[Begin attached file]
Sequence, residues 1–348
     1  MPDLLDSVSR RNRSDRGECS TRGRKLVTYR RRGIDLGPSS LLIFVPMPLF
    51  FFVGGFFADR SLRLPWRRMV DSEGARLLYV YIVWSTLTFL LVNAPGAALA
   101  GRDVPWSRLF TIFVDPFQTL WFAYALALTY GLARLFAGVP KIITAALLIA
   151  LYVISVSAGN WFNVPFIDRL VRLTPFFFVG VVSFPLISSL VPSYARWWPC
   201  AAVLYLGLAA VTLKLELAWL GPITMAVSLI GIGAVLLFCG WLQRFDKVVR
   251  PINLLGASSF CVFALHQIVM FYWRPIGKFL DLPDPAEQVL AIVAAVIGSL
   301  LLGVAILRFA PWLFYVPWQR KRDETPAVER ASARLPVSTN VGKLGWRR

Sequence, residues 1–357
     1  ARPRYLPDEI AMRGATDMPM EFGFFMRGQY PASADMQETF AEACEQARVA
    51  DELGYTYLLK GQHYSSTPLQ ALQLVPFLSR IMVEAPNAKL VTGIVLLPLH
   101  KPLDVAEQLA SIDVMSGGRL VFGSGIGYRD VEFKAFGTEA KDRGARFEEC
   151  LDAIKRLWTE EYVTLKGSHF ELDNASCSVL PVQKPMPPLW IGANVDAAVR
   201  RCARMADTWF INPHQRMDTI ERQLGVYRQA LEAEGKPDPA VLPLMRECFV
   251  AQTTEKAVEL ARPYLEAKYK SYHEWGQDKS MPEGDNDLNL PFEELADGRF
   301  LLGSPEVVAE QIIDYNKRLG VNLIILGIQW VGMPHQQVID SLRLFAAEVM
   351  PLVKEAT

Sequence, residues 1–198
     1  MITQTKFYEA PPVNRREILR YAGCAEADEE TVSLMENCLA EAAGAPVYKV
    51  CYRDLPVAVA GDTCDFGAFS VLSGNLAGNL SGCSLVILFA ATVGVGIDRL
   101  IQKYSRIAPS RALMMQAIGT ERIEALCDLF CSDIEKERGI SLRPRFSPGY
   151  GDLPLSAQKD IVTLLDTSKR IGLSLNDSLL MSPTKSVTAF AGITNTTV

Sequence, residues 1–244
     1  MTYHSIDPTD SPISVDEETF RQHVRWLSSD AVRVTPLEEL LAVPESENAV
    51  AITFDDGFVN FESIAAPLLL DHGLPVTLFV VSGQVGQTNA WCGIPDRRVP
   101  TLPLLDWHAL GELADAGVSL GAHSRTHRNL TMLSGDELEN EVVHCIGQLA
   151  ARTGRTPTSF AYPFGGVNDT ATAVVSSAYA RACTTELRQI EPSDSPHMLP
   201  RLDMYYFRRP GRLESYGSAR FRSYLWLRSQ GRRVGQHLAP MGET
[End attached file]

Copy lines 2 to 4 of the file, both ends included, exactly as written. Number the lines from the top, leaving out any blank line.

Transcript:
     1  MPDLLDSVSR RNRSDRGECS TRGRKLVTYR RRGIDLGPSS LLIFVPMPLF
    51  FFVGGFFADR SLRLPWRRMV DSEGARLLYV YIVWSTLTFL LVNAPGAALA
   101  GRDVPWSRLF TIFVDPFQTL WFAYALALTY GLARLFAGVP KIITAALLIA